good novels with good political or working class content

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Devrim's picture
Devrim
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Jan 15 2008 18:09
Battlescarred wrote:
Victor Serge was an arsehole

That is a bit strong.
Devrim

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Jan 15 2008 22:19

I found a book at a 2nd hand bookshop a couple of days ago called "Scenes Of Revolutionary Life" by Judah Waten, a loosely historical novel about a young communist in Melbourne and London in the late 1920's and early 1930s. Haven't read it yet, but looks interesting.

anna x
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Jan 15 2008 22:29

I read a couple of Paulo Friere books that were pretty interesting.
all the best.
gregg.

JonC
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Jan 15 2008 22:37

USA by John Dos Passos - if I remember rightly. I read it years ago and would like to re-read it but haven't had the time recently.

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Jan 15 2008 23:47
Utter wrote:
Red Marut: I didn’t read in any romanticising about people from Oakland and their past way of life in any either Grapes of Wrath or Dubious Battle. I think they both are great stories about people and about living in this, that is not only in California during the thirties, society. The symbolic description of capital in chapter five in Grapes of Wrath is one of the best I´ve read and both books are filled with these small occasions of comradeship that one time will overthrow this society. Maybe if you’ve grown up in it you read the books different, maybe if you are an academic you read them different. I think Steinbeck is really worth reading though.

Well it wasn't meant as any personal criticism of you, Utter. I enjoyed reading Steinbeck years ago, and the 'Grapes' film and song, but I still think what Dunbar-Ortiz (who is an Okie academic) wrote is illuminating and a more accurate view.

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Jan 16 2008 10:26

Hands down the best American working class novel is Going Away by Clancy Sigal. It's the story of a worker fired from a non-skilled film processing job in Hollywood who then drives a brand new car for friends from L.A. to New York with something like a month to do it. He visits many sites across the country where crucial events in U.S. history, especially working class struggle, took place -- while consuming a considerable amount of booze, having romantic encounters, and against the backdrop of his own soundtrack, which is attentively listening to the car radio news accounts of the unraveling events of the Hungarian Revolution (it's set in October-November 1956). Kinda like Kerouac's On the Road meets Brecher's Strike! -- but even better than that sounds.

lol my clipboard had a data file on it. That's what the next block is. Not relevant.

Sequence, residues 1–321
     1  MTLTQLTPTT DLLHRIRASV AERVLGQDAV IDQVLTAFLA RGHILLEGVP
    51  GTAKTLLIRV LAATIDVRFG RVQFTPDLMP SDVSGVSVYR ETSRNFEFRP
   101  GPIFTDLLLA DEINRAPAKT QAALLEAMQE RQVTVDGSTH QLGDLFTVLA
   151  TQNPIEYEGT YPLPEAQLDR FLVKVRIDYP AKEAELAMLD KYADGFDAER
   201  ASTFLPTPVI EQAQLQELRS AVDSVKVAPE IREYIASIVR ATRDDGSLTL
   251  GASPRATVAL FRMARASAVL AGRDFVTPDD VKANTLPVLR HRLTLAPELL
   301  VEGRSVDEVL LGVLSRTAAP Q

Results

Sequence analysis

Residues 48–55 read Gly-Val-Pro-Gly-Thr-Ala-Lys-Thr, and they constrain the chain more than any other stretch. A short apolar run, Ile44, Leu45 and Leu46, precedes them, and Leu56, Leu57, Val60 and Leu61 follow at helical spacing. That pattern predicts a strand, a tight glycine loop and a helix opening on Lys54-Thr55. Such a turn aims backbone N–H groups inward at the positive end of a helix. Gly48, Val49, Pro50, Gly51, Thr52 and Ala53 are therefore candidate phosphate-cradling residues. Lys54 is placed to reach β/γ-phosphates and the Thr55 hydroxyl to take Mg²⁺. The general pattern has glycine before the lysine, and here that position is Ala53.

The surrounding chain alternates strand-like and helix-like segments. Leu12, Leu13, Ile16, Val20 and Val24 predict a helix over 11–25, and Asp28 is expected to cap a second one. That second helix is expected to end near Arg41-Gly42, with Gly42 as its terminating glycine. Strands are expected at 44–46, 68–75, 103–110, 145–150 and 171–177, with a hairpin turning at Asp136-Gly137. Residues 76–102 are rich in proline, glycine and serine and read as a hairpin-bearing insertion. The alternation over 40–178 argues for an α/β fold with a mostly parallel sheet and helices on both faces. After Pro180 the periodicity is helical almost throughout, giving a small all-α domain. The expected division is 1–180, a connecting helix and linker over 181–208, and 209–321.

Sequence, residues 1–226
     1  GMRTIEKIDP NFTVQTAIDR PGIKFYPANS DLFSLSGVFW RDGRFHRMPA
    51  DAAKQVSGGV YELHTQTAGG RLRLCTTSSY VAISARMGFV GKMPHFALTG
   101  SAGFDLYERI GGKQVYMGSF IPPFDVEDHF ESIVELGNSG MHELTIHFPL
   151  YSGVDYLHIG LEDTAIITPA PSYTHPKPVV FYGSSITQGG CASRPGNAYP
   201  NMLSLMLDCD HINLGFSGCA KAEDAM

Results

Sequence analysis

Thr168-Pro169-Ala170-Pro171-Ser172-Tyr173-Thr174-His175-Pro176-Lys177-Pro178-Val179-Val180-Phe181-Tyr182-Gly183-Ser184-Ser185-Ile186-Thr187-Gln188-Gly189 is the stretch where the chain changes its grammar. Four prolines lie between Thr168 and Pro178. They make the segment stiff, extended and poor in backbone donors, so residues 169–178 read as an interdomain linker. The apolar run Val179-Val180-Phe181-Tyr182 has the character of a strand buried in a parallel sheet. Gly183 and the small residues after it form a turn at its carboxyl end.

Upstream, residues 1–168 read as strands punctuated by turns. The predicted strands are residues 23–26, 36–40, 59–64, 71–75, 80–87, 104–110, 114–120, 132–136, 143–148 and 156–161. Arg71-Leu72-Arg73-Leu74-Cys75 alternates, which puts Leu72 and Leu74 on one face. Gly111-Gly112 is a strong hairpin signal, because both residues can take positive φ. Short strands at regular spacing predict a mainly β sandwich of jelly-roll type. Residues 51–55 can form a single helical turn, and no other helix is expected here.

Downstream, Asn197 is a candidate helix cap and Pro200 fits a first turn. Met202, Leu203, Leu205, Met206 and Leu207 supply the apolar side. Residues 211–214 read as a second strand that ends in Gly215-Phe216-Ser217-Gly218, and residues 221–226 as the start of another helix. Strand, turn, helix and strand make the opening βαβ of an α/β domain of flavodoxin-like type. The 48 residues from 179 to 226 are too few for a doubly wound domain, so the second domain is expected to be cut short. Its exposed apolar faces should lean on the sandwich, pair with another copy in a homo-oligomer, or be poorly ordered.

Sigal's has recently written a memoir about his unconventional upbringing by his organizer mother, called A Woman of Uncertain Character, reviewed here: http://cgi.sfbg.com/printable_entry.php?entry_id=1513. I haven't read it, but I wrote to Sigal to ask about some things from the review and in his response he made it sound fantastic.

My second favorite working class novel is Standing Fast by Harvey Swados which, speaking of working class Oakland, even has a fictionalized account of the 1946 Oakland General Strike. The title is from a Stan Weir account of that general strike, where he describes what he experienced as giving him the strength to "stand fast for a long, long time." The fictionalized Weir character is called "Joe Link." The novel is a sweeping story of a interlinking group of characters in the Workers' Party (?) from before World War II, through the war and then into the early 1960s. A moving read.

I agree with someone else above about Alfred Döblin's tetralogy novel called November 1918: A German Revolution, which unfortunately has only been translated into two English volumes: 1. A People Betrayed and 2. Karl and Rosa. Both great reads though.

I also agree about Orwell's Down and Out in London and Paris being worth reading. I liked Balestrini's The Unseen and found it powerful, but it was weird and sometimes awkward to read because of its punctuation, or lack thereof.

And a final note: last year at this time I saw Dunbar-Ortiz speak at a San Francisco labor history event. It was impressive that her grandfather was a Wobbly, but she kept referring to him as a "respected professional" because he was college-educated veterinarian and an organizer. It was tragic that he was run out of Oklahoma by the KKK, but I got the impression that her family was more middle class than "dirt poor" working class Okie. I bring this up because her politics clearly devolved from her family's I.W.W. heyday and she later became a lame 3rd Worldist cheerleader for any old Stalinist regime, as well as getting entangled with the mindless vanguardism of the Weather Underground. Her history might be of interest, but her political ideas today are shit.